Third quarter, Seahawks leading by five, Blount gets tired of fighting at the one and decides to run it outside on the stretch from 13 yards out. His previous gain was from 10 out. But Tom Brady is held scoreless and Seattle pulls out the unlikely road win, in large thanks to how they closed the last three drives: sacking Brady at the 7 and forcing a field goal, Kam forcing a fumble on Julian Edelman, and the Seahawks holding the Pats out of the end zone on first-and-goal from the two, second-and-goal from the one, third-and-goal from the one, fourth-and-goal from the one.
Week 11, 26-15 win vs Philadelphia Eagles
Zach Ertz, 4-yard pass from Carson Wentz
Dorial Green-Beckham, 5-yard pass from Carson Wentz
At home against the Eagles, Philly takes a 7-6 lead early in the second quarter. It’s a bit difficult to remember that this game was ever close, but the replay clearly shows that Wentz did find Ertz on a comeback against Chancellor. Kam nearly made a great stop but Ertz stretches for what seems like two yards for the score.
But the Seahawks pull away and it’s 26-7 midway through the fourth quarter when Philly goes on a drive that includes a 4th-and-three conversion to Dorial Green-Beckham followed by that throw two plays later on the inexperienced DeAndre Elliott. Like the Hyde plays, this is also a meaningless score.
Week 12, 14-5 loss vs Tampa Bay Buccaneers
Mike Evans, 3-yard pass from Jameis Winston
Mike Evans, 23-yard pass from Jameis Winston
Yet another short score inside the 10 here against Tampa Bay on their first drive. It’s a 15-play drive that eats 7:26 off the clock. The next drive goes for 62 yards. Then the Bucs didn’t have another drive all day that went 40 or more, including four punts, two turnovers, a safety, and a missed field goal. This is all without Earl Thomas.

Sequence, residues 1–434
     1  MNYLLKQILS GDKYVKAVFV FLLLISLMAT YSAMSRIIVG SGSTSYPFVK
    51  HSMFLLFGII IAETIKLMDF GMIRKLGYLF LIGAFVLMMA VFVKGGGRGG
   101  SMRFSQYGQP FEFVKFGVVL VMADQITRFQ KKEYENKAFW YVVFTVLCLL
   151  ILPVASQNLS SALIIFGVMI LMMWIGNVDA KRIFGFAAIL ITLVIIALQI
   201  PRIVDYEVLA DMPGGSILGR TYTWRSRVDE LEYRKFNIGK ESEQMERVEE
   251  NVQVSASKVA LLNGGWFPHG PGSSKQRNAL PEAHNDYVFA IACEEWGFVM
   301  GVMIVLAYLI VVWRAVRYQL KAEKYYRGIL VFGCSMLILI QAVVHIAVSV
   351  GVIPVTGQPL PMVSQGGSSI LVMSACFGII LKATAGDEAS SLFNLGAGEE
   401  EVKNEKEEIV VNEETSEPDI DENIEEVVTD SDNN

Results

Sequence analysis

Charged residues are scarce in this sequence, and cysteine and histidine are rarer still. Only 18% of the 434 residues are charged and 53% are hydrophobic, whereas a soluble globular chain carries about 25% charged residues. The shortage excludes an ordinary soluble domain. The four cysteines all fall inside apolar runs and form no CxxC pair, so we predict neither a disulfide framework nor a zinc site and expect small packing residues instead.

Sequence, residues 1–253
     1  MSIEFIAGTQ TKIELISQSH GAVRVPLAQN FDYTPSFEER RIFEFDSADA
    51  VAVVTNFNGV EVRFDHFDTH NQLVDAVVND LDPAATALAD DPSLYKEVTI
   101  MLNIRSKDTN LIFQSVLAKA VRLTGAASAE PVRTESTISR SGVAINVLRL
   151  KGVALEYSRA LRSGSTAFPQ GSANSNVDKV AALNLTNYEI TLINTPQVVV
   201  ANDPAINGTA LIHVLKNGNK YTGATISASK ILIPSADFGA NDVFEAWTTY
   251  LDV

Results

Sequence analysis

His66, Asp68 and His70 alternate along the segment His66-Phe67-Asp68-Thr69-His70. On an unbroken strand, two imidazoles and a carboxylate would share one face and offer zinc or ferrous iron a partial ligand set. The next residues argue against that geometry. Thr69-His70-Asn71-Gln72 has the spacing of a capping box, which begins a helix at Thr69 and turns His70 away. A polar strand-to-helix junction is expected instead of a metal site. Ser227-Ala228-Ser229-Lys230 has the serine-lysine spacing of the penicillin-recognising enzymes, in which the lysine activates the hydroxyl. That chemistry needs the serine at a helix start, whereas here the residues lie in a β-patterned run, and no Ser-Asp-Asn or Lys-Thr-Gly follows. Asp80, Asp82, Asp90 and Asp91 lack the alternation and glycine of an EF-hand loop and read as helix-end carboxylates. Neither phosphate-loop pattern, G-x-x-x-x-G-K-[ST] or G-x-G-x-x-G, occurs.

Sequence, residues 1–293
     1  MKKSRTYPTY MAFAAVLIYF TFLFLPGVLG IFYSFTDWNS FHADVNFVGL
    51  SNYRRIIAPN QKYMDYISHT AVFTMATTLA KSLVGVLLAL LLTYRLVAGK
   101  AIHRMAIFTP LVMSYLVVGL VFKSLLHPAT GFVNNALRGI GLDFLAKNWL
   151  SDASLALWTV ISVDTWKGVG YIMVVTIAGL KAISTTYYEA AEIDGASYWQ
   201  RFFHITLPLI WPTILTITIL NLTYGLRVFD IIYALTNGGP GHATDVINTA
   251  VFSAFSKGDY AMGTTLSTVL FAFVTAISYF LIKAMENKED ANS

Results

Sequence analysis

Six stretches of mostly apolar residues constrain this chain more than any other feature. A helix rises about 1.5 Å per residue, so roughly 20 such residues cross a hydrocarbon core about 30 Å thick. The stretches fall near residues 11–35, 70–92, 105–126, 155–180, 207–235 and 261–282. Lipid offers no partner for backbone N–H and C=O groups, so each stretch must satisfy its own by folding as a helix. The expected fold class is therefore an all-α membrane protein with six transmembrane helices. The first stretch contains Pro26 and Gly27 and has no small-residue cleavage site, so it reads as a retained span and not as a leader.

It’s a pretty tough-to-defend throw from Winston to Evans on the first touchdown. Winston scrambles, he’s a few yards out, Evans is an All-Pro level receiver, the zone coverage loses sight of him as Elliott follows someone else and Terrell steps in after it’s too late.
Score two is a great throw by Winston and a nice target to have in Evans, though Sherman calls for OPI because Evans clearly holds him at bay by grabbing onto the front of his pads most of the way down the field.
Overall, an effort by the defense that will result in a win 95 times out of 100. This wasn’t one of those days.
Week 13, 40-7 win vs Carolina Panthers
Ted Ginn, 55-yard pass from Cam Newton?
And finally, there’s the touchdown that wasn’t.
On the very first play after Thomas breaks his leg, Cam Newton throws a prayer to Ted Ginn and it’s answered. Kind of. Replays clearly show that Ginn was down before the goal line.
How did this slip by the officials? We don’t know. Would it have mattered anyway? Seattle’s defense has shown us time and time again that first-and-goal from the one is not a gimme. Sure, a lot of these plays happened in those situations — Tannehill, Brees, Cooks, Gillislee, Taylor, Hunter, Blount, Ertz, Green-Beckham, Evans — but I’m sure the defense would have liked a shot to keep them to a field goal or a four-and-out.
Especially since they’ve only allowed 21 touchdowns all season long and more than a couple had extenuating circumstances.
11 of the touchdowns occurred within five yards. I mean, you would expect that a lot of touchdowns are close to the end zone, but I think this really pounds home Carroll’s philosophy to not allow explosive plays and long touchdowns. Teams really have to earn it vs the Seahawks.
How many of these touchdowns occurred in garbage time? Maybe just four, but that leaves only 17 touchdowns in 11 games that actually mattered. Less than two per game. A typical game is going to have about 10 or so drives in regulation, sometimes a few more, and any drive that isn’t a touchdown allowed is usually a win. The Cardinals got 13 drives against Seattle and none of them ended in a touchdown. (Nor did any of the Seahawks drives.)
How many came via great players or universally-accepted great players that I might disagree with? Marshall, Julio, Brees, Cooks, Evans, Cam. This type of defense is certainly what a team needs going up against Aaron Rodgers, as they are this week, or Carson Palmer again in two weeks, or perhaps Dak Prescott and Ezekiel Elliott and Dez Bryant in the playoffs, potentially Matthew Stafford and Golden Tate, or a rematch with Winston and Evans.
How many of these touchdowns were weird-ass fumble returns, totally missed on replay, or occurred after a blocked punt to put it inside their own five?
It’s a good look into how the Seattle Seahawks have been the best scoring defense since 2012, not just in total, but in each season successively; whether you’re looking at the big picture or just in pieces. Play by play. It’s quite the body of work.
(Thank you to Jeff Collet for the clips!)